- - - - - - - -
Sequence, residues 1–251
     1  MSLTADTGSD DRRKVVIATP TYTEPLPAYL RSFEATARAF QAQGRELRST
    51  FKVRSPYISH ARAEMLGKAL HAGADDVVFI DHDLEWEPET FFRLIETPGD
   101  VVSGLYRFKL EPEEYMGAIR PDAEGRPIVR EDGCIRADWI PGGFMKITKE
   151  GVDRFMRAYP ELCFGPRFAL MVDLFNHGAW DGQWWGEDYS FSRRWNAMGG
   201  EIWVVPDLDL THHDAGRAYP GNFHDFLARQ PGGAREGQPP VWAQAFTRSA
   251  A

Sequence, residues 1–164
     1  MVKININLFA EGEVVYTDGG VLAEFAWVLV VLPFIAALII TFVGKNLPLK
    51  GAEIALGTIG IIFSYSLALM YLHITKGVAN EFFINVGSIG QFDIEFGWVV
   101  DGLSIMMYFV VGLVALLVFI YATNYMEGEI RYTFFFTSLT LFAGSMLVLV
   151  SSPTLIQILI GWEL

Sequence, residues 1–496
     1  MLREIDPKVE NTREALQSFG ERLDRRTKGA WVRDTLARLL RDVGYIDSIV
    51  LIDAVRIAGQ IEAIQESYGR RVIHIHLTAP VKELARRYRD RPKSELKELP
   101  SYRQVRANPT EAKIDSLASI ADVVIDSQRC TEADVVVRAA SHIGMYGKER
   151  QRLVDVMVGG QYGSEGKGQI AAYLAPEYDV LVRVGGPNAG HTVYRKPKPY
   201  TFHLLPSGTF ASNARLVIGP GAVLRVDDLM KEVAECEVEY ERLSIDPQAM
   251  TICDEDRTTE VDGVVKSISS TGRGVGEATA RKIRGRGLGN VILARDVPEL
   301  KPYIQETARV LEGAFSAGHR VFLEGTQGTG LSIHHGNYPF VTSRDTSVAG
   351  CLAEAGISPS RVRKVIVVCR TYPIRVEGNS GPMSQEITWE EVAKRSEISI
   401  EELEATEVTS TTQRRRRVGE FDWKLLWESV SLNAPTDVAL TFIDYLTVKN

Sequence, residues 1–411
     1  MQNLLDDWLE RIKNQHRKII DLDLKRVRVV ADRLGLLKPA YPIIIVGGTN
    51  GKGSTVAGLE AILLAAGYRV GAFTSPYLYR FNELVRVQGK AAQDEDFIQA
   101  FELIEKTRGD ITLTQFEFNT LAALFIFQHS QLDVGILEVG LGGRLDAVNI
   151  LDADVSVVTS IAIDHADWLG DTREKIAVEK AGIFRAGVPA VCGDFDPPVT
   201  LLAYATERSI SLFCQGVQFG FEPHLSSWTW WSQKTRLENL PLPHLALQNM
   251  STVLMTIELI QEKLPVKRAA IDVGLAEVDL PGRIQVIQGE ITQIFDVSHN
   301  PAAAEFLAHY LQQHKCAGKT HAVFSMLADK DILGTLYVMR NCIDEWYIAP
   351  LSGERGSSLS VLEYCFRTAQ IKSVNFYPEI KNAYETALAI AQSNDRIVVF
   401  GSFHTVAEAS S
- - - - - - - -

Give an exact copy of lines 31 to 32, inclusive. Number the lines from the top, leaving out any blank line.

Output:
   351  LSGERGSSLS VLEYCFRTAQ IKSVNFYPEI KNAYETALAI AQSNDRIVVF
   401  GSFHTVAEAS S